The House passed a $19.1 billion disaster aid package to help victims of recent storms and flooding rebuild, with the price tag growing by about $1.8 billion on the floor through amendments to add funds for repairing damaged military facilities, highways, levees, dams and more.
The vote was 257-150, with 34 Republicans crossing the aisle to support the bill drafted by the Democratic majority. President Donald Trump and GOP leaders tried to tamp down defections on the bill, which they oppose because it would pump more money into Puerto Rico, which hasn’t yet been able to spend much of the $20 billion previously appropriated after 2017′s Hurricane Maria.
Republicans are focused on the Senate, where bipartisan negotiations are ongoing on a separate aid package. The White House and Republicans want to impose more financial controls on Puerto Rico’s management of funds run through the Department of Housing and Urban Development’s Community Development Block Grant program.
“I’ve spoken to the president, I’ve spoken to the leader on the Senate side, I believe we can solve this all next week,” House Minority Leader Kevin McCarthy, R-Calif., said during floor debate Friday. “I want to you know where my heart is: we will be back here next week, we will make law, and we will solve this.”
But the Senate package is stuck over a variety of unrelated issues, including a Trump request for $4.5 billion in border-related resources and a push by Senate Appropriations Chairman Richard C. Shelby to free up some $2 billion in year in harbor maintenance funds that currently have to compete with other discretionary programs. House Republicans from disaster-afflicted areas faced immense pressure back home to support the House Democrats’ bill, which is currently the only moving vehicle to deliver long-delayed relief.
And there’s significant bipartisan concern with the slow pace at which HUD has been parceling out the block grant funding. House Democrats included language in the underlying bill passed Friday that would require HUD to publish rules for disbursal of funds appropriated in February 2018 (PL 115-123), for Puerto Rico and other affected areas within 90 days of enactment. A bipartisan amendment from Rep. Lizzie Fletcher, D-Texas, to shorten that to 14 days was adopted on a 393-20 vote.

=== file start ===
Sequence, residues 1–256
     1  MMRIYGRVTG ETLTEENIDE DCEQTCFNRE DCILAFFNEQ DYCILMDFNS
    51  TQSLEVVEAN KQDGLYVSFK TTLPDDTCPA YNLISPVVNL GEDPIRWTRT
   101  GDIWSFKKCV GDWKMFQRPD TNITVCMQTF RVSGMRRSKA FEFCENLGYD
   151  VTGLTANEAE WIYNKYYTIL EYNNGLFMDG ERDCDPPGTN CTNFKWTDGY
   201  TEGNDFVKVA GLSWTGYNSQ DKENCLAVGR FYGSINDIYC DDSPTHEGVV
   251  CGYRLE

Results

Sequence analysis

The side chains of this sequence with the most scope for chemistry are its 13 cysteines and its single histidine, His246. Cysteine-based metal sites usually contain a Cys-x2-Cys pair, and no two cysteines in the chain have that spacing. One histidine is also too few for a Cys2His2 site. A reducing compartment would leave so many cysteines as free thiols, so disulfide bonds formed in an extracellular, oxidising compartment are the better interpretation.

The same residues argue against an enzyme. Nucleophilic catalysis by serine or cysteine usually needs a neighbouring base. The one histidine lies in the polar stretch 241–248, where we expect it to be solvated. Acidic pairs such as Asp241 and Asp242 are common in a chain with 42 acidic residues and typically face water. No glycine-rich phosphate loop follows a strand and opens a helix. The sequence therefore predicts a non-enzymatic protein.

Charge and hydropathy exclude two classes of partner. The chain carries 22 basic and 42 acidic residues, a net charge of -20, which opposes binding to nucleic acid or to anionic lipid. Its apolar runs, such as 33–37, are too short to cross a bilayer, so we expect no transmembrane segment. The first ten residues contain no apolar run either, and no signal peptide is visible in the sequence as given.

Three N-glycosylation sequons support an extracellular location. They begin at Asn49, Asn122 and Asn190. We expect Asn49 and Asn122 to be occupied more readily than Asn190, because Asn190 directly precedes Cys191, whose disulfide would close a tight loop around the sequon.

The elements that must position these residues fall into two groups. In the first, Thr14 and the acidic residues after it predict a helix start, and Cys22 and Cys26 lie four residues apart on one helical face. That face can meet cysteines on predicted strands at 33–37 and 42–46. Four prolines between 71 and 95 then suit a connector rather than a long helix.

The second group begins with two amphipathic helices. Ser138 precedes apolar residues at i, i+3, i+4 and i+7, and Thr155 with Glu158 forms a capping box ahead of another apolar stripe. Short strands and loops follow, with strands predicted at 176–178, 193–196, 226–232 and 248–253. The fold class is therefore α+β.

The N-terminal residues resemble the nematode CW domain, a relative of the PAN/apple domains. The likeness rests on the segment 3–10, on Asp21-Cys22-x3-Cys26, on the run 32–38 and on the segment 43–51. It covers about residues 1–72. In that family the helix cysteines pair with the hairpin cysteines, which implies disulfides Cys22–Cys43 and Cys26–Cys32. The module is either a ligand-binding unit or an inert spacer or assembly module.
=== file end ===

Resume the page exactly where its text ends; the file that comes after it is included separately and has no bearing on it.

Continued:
Among those supporting the bill in the House was Rep. Neal Dunn, R-Fla., who successfully offered an amendment to add $685 million for fixing military facilities battered in Hurricane Michael last October, including Tyndall Air Force Base. Trump visited Tyndall earlier this week as well as other storm-ravaged parts of the Florida Panhandle, where he pledged to expedite relief and got in a few digs at the Democrats who he blamed for holding up the disaster supplemental.
“House Republicans should not vote for the BAD DEMOCRAT Disaster Supplemental Bill which hurts our States, Farmers & Border Security,” Trump tweeted around 7 p.m. Thursday. He repeated the message at 11:58 p.m. with an addition: “Republicans must stick together!”
Before Trump’s tweets, bipartisan momentum was building for moving aid funds to residents and military bases struggling to clean up the mess from brutal storms in 2018 and 2019. And Friday’s floor action demonstrated that lawmakers of both parties are feeling the sting of a lack of movement on a disaster bill. Rep. Adrian Smith, R-Neb., said on the floor that while the bill under consideration didn’t address everything Republicans or the president wanted, “Nebraskans need relief. This bill gets us closer to that.”
Dunn’s amendment was adopted by voice vote, as was much of the spending added Friday that few lawmakers wanted to oppose publicly. Dunn was one of several Republicans to cosponsor a bipartisan amendment from Rep. Joe Cunningham, D-S.C., to add another $270 million for Air Force facility repairs, including Tyndall and Offutt Air Force Base in Nebraska.
The Air Force has been siphoning funds from other bases around the country to backfill the relief effort at disaster-stricken facilities, so the Cunningham amendment drew GOP cosponsors such as Michael R. Turner of Ohio, Rob Bishop of Utah and Don Young of Alaska.
A big haul came in the form of two amendments offered by Rep. Cindy Axne, D-Iowa, including $500 million for emergency highway repairs and $310 million to repair damaged flood control projects, both adopted by voice vote. Smaller efforts were also successful, including an amendment to add $13 million for nutrition assistance to American Samoa, that was adopted by voice vote.
Republicans demanded recorded votes on others, including an amendment from Rep. Ed Perlmutter, D-Colo., to add $5 million to improve weather forecasting capabilities at the National Oceanic and Atmospheric Administration, including a new “Earth Prediction Innovation Center” where work will partly be done at the National Center for Atmospheric Research in Boulder, Colo. That vote was 247-165.
Another amendment, to add $8.8 million for EPA wastewater treatment grants on the Typhoon Yutu-damaged Northern Mariana Islands, was adopted on a 268-143 vote.